by Michael (not verified) :: Thu, 06/01/2006 - 12:09am

I kick ASS!I I kick ASS

65
by NextCoast Winos (not verified) :: Thu, 06/01/2006 - 3:01am

Cut it out, please

66
by protagoras (not verified) :: Thu, 06/01/2006 - 6:43pm

Okay, so I'm a homer. But while the 49ers _average_ performance was historically bad, I feel duty-bound to point out that they weren't even the worst team last year, having won an incredible four times. I don't think you can dismiss that as just variance. Also I want to defend poor Alex Smith. He didn't play well, but he was nowhere near as bad as his horrific stats. His performance looked much worse than it was, with receivers dropping balls and pulling up on routes right and left. He wasn't really the big problem with that offense. I personally wouldn't be surprised if in a couple of years he is one of the better QBs in the league.

67
by mike (not verified) :: Thu, 06/01/2006 - 10:18pm

re:66 I totally agree with you ive been saying this all along finally i have a supporter.

68
by Ilanin (not verified) :: Fri, 06/02/2006 - 9:29am

66 - no, the 49ers were the worst team last year, and not just last year but at any point in the last eight years, so DVOA says. API has them as the worst team for 19 years. They outperformed their estimated wins (1.8) by two games and a bit.

Also, yes, I can dismiss the wins as variance, given that they "lead" the league in that particular statistic, with a massive 39.3%, a full 6.1% clear of next-placed Buffalo.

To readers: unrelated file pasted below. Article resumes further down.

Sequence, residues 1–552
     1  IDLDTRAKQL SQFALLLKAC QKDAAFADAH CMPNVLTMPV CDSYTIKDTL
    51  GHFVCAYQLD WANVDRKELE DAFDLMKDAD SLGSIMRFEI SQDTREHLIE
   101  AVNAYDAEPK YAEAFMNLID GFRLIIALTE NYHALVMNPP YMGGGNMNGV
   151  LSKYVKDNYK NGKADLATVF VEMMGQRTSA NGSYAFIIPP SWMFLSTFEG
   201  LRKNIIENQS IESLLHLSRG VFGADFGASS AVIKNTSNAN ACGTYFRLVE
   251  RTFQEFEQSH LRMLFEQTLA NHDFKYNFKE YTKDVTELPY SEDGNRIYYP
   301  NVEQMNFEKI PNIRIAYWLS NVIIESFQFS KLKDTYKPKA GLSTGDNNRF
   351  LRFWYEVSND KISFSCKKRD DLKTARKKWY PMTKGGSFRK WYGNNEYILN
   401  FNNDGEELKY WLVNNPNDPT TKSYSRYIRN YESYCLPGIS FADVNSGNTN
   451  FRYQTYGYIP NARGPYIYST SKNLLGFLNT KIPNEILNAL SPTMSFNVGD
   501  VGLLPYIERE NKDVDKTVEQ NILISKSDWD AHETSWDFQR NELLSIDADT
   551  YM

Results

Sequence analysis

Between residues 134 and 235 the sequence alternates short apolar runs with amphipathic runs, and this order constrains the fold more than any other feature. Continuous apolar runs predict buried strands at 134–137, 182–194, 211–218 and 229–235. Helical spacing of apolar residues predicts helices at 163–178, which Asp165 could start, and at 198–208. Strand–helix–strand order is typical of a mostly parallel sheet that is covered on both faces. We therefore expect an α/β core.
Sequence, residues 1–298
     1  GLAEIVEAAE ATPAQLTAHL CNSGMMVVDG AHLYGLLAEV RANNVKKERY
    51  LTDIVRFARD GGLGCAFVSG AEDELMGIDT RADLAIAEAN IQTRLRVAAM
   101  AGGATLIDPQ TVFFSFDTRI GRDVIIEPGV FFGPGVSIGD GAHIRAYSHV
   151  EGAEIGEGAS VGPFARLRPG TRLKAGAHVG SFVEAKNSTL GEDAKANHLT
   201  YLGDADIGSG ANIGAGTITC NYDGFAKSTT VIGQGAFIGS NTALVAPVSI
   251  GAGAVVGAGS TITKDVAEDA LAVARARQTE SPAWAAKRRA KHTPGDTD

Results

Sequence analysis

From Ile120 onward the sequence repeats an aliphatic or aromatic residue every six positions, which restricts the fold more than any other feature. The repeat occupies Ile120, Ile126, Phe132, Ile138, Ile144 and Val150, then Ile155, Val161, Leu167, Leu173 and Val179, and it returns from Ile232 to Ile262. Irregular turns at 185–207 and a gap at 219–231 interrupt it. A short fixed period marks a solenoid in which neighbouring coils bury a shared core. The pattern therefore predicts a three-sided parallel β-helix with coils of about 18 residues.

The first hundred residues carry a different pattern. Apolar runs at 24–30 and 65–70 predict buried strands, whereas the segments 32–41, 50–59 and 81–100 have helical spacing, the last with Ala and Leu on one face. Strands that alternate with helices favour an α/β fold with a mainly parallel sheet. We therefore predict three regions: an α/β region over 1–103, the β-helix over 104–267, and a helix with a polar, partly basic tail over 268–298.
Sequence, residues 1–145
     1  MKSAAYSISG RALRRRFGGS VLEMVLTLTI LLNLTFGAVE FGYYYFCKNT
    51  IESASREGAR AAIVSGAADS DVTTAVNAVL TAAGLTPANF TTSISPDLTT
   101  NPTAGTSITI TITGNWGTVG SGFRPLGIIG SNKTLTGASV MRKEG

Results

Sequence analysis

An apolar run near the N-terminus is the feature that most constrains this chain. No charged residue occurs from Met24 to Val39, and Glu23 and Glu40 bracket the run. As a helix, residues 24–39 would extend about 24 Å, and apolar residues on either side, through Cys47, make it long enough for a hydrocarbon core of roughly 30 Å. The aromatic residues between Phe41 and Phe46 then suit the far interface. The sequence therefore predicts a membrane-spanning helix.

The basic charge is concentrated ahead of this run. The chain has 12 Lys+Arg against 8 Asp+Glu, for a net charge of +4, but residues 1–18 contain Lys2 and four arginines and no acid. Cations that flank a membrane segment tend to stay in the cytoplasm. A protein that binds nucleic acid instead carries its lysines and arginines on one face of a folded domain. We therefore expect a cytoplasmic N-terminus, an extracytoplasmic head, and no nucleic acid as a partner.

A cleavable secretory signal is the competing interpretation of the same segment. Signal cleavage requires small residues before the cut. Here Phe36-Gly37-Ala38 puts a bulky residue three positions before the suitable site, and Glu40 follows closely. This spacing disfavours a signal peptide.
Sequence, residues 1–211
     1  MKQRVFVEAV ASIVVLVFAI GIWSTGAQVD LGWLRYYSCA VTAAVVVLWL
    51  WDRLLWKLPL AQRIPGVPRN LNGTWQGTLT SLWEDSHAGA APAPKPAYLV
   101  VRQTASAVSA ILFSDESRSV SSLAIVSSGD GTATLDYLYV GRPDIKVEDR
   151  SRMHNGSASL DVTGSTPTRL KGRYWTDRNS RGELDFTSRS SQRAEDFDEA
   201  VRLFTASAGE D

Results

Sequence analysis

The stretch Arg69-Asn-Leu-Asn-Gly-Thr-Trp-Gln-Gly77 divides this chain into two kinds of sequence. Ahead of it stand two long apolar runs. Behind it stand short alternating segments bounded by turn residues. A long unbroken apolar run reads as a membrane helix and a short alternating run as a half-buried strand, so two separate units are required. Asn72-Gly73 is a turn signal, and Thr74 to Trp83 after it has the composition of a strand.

As for Alex Smith, sure, he can turn things around. We're yet to see any indication that he's going to do so, though.

69
by Pat (not verified) :: Fri, 06/02/2006 - 10:16am

having won an incredible four times. I don’t think you can dismiss that as just variance.

Strength of schedule.

While the 49ers had a normal schedule on average, it was extremely lopsided - they had a bunch of weak teams, and a bunch of strong teams.

That leads to more wins than you would normally expect.

70
by mike (not verified) :: Fri, 06/02/2006 - 5:06pm

This Pat guy always has a problem with the niners i think hes mad because we have 5 super bowls and his team probley sucks like shit.

71
by Pat on the Back (not verified) :: Fri, 06/02/2006 - 5:24pm

In defense of my kindred namesake, he is an Eagles fan. He also knows how to punctuate and make cogent points. The Niners were brutally bad last year. He is upset because of this; I'm pretty sure he has made peace with each one of those 5 championships and no longer is mad about them.

72
by Kibbles (not verified) :: Sat, 06/03/2006 - 12:42am

The 49ers are the worst team in the history of the DVOA stat, which goes back nine years

Ooh, ooh, does this mean we'll finally get the DVOA numbers prior to 2000?!

*shivers with anticipation and glee*

73
by Catfish (not verified) :: Sat, 06/03/2006 - 4:21pm
74